46. 63.

    Linda Featheringill

    Axelrod and Plouffe really, really know how to count votes. And they really know where those electoral votes are. Good thing they’re on our side.

  47. 64.



    The Electoral College is a secret? From 1788 to 2012 and until Michael Tomasky intrepid investigating reporting as published over the Internets only a secret cabal knew how we elect a president?
    (What a fumbduck.)

    To people who just listen to the horserace BS that is all over the news, the fact that it will be very difficult for Romney to reach the magic 270 electoral votes is a big secret.

    Also, I’ve got 10 bucks that says my sister – smart, but a low information voter – has no idea that the president isn’t elected based on popular vote.

    Edit: I don’t think we should be tearing down Tomasky for writing about this. I think his writing about this is fighting back against the oh-it’s-so-close horserace bullshit that most of the so-called journalists are pushing.

  48. 65.

    The Dangerman

    @Bruce S:

    Given the level of hardcore right-wing ideology they’re starting from, that sounds like it has got to involve armbands, brown shirts…

    There will be hell to pay after Obama is re-elected (this increases if the House flips and/or the Senate is held). Internal to the Party, the Tea Party will completely take over the wreckage that is the Right (and Romney will join Bush as names never to be spoken again). I would be far from surprised if some domestic violence – hell, call it what it is, terrorism – came from the Right after the election).

  49. 66.

    Tom Q

    @The Dangerman: I’ve had the same fear. Remember, Gingrich said during the priimaries that Obama would lose in any fair election — and a goodly number of folk on his side believe that absolutely. They’ll totally freak.

    In fact, I’m having uncomfortable memories of what happened to Lincoln after he prevailed (also against the expectations of many in the months leading up to the election).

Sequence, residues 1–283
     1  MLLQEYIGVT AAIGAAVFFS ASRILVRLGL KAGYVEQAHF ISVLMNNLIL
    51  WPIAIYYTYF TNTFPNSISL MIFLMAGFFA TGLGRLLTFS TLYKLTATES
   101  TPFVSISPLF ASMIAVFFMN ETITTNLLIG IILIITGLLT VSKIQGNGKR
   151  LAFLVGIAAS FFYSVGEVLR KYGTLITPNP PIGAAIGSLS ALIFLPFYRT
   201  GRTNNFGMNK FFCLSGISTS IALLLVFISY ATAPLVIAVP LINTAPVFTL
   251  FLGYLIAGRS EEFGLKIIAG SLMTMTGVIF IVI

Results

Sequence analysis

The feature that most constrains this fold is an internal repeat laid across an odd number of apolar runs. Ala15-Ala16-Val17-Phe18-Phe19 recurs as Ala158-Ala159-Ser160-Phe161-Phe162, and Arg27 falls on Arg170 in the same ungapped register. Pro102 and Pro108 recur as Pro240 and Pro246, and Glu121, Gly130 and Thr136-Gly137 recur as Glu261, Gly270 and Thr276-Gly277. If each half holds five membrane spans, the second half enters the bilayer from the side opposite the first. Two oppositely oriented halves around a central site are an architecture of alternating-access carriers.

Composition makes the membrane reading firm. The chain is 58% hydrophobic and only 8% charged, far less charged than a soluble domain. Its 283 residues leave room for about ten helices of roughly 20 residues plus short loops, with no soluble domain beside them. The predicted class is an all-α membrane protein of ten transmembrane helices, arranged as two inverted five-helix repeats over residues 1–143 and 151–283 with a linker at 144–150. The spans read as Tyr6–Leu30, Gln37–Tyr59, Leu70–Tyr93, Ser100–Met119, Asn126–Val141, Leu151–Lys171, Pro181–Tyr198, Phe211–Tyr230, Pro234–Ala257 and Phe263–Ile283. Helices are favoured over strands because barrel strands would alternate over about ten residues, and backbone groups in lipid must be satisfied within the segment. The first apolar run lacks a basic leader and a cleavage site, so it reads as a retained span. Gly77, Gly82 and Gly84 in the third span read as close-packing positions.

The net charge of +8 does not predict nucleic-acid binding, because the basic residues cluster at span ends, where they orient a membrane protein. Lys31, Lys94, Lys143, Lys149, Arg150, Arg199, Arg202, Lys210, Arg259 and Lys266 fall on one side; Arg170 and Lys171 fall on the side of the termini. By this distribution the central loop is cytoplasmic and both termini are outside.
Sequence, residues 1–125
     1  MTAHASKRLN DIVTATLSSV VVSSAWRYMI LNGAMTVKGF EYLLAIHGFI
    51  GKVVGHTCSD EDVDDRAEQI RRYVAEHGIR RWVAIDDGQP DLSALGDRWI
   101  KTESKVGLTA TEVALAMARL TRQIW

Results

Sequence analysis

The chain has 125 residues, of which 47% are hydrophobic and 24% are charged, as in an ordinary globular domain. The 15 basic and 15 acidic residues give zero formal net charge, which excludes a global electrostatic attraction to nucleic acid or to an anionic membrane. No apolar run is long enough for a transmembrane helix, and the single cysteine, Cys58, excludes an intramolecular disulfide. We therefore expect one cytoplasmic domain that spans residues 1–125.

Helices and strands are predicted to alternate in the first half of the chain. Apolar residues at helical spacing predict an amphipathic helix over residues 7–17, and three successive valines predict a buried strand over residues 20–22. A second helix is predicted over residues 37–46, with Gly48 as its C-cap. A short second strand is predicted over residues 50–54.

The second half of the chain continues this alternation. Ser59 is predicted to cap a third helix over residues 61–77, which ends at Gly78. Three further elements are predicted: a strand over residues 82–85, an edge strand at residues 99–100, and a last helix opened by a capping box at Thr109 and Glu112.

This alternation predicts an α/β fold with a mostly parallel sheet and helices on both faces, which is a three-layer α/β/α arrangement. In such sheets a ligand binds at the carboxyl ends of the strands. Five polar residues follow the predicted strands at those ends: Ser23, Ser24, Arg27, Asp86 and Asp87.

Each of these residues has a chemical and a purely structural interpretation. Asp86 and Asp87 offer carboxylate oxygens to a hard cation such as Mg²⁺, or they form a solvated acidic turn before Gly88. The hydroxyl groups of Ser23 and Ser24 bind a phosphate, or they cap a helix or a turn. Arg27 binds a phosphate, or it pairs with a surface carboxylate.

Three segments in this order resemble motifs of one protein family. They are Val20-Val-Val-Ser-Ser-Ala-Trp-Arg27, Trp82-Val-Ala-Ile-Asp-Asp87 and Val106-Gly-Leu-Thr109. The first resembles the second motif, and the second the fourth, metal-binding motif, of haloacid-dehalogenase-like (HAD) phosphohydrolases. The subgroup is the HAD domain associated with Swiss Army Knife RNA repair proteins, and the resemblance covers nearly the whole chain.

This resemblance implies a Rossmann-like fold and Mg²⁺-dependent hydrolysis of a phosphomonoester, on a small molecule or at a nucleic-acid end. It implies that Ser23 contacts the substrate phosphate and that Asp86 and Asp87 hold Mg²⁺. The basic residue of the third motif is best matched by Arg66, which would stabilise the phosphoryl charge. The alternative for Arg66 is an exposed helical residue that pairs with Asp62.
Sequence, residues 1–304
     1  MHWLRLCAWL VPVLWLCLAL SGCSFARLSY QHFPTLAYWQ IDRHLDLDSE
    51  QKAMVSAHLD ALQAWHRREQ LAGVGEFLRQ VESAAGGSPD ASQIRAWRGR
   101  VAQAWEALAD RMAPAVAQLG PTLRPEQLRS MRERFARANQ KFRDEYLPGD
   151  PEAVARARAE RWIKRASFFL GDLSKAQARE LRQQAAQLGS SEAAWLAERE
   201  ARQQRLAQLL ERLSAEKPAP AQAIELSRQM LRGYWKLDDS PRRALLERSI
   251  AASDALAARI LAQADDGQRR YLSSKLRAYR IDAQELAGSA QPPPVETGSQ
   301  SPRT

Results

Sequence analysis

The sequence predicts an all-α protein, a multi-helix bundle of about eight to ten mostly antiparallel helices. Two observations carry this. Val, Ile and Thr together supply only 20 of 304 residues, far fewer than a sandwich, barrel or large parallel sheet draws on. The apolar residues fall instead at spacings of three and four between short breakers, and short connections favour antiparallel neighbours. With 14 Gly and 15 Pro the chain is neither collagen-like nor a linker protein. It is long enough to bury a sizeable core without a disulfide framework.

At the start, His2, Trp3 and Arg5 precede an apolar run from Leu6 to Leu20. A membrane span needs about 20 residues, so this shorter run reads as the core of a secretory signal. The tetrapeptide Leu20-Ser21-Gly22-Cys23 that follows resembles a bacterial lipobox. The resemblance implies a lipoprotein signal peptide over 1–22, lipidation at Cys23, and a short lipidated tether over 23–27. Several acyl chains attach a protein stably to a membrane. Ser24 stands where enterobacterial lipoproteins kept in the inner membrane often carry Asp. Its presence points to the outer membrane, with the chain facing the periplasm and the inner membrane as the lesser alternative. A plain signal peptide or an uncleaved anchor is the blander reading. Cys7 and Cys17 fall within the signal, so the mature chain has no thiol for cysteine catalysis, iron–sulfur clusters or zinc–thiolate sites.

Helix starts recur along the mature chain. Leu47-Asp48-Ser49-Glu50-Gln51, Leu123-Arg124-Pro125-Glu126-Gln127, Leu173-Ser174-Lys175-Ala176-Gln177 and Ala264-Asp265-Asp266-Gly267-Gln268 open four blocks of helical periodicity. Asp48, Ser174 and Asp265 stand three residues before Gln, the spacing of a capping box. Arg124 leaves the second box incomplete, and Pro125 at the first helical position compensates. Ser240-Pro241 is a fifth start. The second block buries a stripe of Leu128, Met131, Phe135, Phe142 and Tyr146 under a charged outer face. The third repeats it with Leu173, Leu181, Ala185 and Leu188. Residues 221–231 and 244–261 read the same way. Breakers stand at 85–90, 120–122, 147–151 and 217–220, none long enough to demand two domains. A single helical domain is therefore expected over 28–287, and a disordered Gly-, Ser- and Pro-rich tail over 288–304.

50. 67.


    @The Dangerman:

    Absolutely. If you look at the Birther Underground occasionally, they have been calling for violence for a long time. It will increase if the President is re=elected. I recommend looking at birther madness only through the filter of sane people like Bad Fiction or Doc Conspiracy.

  51. 68.

    Linda Featheringill

    @Tom Q:

    In fact, I’m having uncomfortable memories of what happened to Lincoln after he prevailed (also against the expectations of many in the months leading up to the election).

    I’m sure someone will try it.

    I do find it interesting that the Right Wing is having fantasies of race riots “after Obama loses” and the Lefties are having nightmares about what will happen after Obama wins.

    Too many guns and too many nutty people. Yes, the human race is doing so well.

  52. 69.

    The Dangerman


    If you look at the Birther Underground occasionally…

    Oh, hell no; I’m rather have projectile vomiting.

    There will almost surely be violence; it’s just a matter of scale (single pilot into a building like Dallas or far worse like OKC). They’ve been told they are “getting their country back” by their media for almost 4 years. They will not go quietly into that good night.

  53. 70.


    @Bruce S: Yeah we said that in 08 too. They have in some cases but not as a party. The real damage is the number of numbnuts teabaggers they have put in the Senate where they can do way more damage than their numbers would suggest.

    If they go full metal teabag after this (and I bet they don’t) it would put more of these douchebags in the senate and make them a strong block in Congress. This would be worse not better for the country.

    Something has to give with the mental defectives that vote for teabagging before we are freed from their destructive urges. I don’t know what that is but it won’t be Willard taking a dive.